• Selective weed killers have been developed from auxins which only affect broad-leaved plants compared to narrow leaved plants.

    • Selective plant growth hormone based weed-killers have been developed that affect the growth development of broad-leafed weeds and eventually kill them, BUT, do not affect the desired grass and cereal crops with narrow leaves.

    • This enables farmers to kill broad leafed weeds without harming fields of crops of barley or wheat.

    • Gardeners can use these selective weedkillers to remove dandelions and other plants regarded as weeds - I don't mind the dandelions myself!

    • 2,4-D (2,4-Dichlorophenoxyacetic acid) is a synthetic auxin, which a type of plant growth regulators.

      • 2,4-D is absorbed through the leaves and is translocated to the meristems of the plant.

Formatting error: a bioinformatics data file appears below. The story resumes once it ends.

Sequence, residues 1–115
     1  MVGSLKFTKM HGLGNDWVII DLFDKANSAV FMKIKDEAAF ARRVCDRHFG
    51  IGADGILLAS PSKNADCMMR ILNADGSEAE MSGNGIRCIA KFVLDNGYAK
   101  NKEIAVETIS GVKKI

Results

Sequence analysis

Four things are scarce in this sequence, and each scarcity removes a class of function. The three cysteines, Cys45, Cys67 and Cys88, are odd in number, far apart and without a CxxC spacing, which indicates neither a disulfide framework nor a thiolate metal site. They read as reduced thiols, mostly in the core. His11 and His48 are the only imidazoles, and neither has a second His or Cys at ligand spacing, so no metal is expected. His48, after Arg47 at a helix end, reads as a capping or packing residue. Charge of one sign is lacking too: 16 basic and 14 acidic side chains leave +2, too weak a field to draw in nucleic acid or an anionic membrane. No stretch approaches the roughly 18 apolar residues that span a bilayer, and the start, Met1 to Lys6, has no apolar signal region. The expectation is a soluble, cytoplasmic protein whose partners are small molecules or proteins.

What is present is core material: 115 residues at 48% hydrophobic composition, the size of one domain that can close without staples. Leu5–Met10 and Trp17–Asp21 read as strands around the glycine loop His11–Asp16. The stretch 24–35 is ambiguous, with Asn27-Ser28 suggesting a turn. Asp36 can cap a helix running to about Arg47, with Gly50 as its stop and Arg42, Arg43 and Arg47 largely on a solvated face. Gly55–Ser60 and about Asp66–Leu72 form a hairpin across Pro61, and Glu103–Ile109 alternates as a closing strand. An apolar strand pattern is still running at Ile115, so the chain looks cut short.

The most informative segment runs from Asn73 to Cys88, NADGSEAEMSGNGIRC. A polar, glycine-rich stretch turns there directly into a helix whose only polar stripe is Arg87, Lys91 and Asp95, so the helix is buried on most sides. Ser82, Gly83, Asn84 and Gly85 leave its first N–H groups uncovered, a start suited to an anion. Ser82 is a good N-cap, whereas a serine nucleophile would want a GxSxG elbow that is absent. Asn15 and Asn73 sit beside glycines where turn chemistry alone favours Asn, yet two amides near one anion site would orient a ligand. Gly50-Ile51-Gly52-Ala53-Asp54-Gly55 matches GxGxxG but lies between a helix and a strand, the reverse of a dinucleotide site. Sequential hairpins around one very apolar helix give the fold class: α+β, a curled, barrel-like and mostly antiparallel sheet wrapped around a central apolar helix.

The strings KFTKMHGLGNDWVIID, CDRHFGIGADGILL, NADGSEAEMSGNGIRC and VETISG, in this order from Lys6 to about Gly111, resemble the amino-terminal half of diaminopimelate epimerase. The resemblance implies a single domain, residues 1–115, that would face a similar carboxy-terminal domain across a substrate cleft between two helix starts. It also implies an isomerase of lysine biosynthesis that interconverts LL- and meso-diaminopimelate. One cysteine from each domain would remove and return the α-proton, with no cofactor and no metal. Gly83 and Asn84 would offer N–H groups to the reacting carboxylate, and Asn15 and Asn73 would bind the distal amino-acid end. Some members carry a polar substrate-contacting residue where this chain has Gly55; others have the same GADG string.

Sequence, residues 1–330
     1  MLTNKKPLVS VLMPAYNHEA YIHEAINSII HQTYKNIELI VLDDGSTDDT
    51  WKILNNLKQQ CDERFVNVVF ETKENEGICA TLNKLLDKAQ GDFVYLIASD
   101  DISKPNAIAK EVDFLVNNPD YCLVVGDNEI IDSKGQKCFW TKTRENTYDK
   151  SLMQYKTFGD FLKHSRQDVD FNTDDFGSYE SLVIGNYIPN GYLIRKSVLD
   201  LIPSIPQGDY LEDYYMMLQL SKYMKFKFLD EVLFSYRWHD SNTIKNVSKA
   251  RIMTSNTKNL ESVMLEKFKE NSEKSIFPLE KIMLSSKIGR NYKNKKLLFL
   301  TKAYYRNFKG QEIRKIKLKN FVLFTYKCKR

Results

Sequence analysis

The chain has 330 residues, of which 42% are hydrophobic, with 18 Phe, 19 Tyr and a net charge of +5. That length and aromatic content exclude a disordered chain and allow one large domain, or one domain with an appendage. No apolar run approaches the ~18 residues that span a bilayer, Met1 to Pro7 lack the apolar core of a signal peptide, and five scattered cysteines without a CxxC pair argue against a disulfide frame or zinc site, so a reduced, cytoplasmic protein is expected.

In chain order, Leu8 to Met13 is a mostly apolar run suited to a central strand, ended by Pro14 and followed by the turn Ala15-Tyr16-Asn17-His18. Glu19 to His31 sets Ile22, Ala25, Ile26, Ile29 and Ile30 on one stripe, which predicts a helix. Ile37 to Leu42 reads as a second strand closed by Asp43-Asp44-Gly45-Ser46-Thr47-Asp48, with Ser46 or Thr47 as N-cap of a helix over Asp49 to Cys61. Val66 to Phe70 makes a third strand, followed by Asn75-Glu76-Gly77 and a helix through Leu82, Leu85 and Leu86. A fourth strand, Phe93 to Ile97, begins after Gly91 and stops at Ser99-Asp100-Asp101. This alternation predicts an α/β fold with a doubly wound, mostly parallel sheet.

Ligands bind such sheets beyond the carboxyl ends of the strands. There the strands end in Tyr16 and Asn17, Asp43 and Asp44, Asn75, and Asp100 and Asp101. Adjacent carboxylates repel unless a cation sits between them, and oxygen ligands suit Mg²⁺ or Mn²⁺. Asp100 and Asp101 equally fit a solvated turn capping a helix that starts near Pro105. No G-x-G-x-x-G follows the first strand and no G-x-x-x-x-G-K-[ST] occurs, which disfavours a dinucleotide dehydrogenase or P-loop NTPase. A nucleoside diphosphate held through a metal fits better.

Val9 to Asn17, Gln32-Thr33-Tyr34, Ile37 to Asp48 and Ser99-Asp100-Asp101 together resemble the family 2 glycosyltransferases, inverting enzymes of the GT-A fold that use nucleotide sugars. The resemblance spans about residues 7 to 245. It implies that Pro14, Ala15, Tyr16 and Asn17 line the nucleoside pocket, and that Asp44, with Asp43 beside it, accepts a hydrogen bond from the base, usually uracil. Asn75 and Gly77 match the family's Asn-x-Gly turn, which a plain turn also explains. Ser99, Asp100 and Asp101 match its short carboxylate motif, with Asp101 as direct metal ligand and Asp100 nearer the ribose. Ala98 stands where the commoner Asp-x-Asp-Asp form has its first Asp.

• This causes uncontrolled, unsustainable growth resulting in stem curl-over, leaf withering, and eventual plant death.

  • A plant cutting is a part cut off from a plant e.g. the end of a branch with a few leaves on.

    • Some plant cuttings won't always readily grow when planted in soil or compost without any extra help

    • By adding a rooting powder to the compost containing a plant growth hormone like auxin, the growth of roots and subsequent shoots are greatly encouraged so new good quality plants grow more rapidly.

    • It then enables a flower grower or market gardener to rapidly produce lots of clones (exact copies) of a particular plant - ideally, of the best quality plants.

  • Use of issue culture